Antiretroviral therapies are classified according to the specific step inhibited in the HIV life cycle within the CD4 lymphocyte. Individually, these agents are not very potent in inhibiting viral replication, but combining classes enables different replication steps to be "attacked," enhancing the possibility of interrupting viral reproduction. The four major classes of therapies currently available are 1) nucleoside reverse transcriptase inhibitors (NRTIs), which act by incorporating themselves into the DNA of the virus through the reverse transcriptase enzyme, resulting in DNA that is incomplete and incapable of creating new virus (didanosine, lamivudine, stavudine, zalcitabine, zidovudine [AZT], abacavir); 2) nonnucleoside reverse transcriptase inhibitors (NNRTIs), which stop HIV production by binding directly to reverse transcriptase and preventing the conversion of viral RNA to DNA (delavirdine, efavirenz, nevirapine); 3) nucleotide reverse transcriptase inhibitors, which have a mechanism of action similar to that of NRTIs (tenofovir); and 4) protease inhibitors (PIs), which affect the last stage of viral reproduction by inhibiting the viral protease enzyme from cleaving the viral protein chains into smaller infectious virions (am-prenavir, indinavir, lopinavir/ritonavir, nelfinavir, ritonavir, saquinavir).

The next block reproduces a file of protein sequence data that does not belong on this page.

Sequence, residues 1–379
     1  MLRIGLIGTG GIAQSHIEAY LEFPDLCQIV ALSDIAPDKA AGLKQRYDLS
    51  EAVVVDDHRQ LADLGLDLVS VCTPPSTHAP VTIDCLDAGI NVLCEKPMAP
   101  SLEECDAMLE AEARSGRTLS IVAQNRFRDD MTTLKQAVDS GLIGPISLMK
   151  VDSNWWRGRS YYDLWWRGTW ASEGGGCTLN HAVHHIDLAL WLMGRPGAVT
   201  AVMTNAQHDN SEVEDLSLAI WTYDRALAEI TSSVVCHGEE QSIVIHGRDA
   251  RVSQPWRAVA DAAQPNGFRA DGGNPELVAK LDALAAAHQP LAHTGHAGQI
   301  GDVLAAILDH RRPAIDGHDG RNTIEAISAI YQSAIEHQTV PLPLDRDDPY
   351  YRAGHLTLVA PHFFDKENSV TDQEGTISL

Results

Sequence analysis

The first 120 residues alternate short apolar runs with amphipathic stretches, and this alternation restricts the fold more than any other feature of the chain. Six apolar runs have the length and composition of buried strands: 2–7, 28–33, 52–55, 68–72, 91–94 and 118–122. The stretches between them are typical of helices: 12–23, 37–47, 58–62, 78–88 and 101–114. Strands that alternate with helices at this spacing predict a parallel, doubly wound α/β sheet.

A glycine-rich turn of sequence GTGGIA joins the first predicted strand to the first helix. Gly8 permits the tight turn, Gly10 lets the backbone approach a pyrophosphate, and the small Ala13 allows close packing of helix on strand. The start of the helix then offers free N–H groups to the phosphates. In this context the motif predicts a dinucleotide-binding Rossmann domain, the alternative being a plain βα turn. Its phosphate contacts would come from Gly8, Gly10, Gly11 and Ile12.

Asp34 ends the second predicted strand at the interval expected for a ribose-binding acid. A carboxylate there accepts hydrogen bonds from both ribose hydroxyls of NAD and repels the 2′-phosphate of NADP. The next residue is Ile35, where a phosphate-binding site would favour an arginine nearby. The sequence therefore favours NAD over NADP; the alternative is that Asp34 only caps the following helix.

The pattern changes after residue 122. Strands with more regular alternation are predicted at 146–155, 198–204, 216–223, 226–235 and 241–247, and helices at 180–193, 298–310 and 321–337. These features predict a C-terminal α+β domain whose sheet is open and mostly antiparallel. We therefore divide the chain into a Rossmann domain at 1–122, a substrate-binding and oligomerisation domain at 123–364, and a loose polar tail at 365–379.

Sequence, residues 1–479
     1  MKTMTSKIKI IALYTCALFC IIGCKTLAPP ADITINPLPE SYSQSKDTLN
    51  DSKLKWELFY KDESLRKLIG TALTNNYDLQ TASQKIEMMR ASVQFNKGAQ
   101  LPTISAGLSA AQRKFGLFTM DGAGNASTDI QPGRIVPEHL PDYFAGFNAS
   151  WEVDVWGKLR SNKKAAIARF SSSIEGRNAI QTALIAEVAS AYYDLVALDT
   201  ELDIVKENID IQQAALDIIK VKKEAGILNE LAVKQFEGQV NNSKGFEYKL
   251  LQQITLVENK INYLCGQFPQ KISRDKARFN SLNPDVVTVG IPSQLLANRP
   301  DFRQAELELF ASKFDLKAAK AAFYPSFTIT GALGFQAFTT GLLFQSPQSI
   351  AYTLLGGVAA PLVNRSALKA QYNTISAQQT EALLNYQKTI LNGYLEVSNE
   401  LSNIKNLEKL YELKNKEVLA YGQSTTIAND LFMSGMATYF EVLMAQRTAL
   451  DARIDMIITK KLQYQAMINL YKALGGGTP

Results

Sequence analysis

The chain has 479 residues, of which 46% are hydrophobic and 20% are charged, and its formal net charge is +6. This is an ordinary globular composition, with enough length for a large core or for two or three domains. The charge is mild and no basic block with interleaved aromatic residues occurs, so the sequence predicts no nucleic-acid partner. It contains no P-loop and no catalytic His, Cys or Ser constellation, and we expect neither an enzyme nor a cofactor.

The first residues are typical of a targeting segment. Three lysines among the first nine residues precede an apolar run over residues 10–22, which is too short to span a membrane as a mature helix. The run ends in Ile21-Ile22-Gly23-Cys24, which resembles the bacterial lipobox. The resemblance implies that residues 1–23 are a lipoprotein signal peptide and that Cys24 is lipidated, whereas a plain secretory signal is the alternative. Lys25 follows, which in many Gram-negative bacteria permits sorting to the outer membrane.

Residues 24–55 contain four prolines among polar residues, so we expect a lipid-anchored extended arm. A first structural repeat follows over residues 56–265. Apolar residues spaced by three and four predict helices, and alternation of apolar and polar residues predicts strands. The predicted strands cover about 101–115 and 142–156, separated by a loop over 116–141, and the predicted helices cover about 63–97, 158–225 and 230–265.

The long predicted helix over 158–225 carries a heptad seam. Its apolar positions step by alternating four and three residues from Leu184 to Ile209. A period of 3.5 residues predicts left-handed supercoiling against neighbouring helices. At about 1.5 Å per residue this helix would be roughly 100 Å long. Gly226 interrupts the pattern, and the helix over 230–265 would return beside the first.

The PIs are often potent inhibitors of one or more cytochrome P450 enzymes, which may have implications for interactions with psychiatric and other medications. A new category of antiretrovirals, called fusion inhibitors, is being developed and acts by inhibiting HIV from binding to CD4 cells.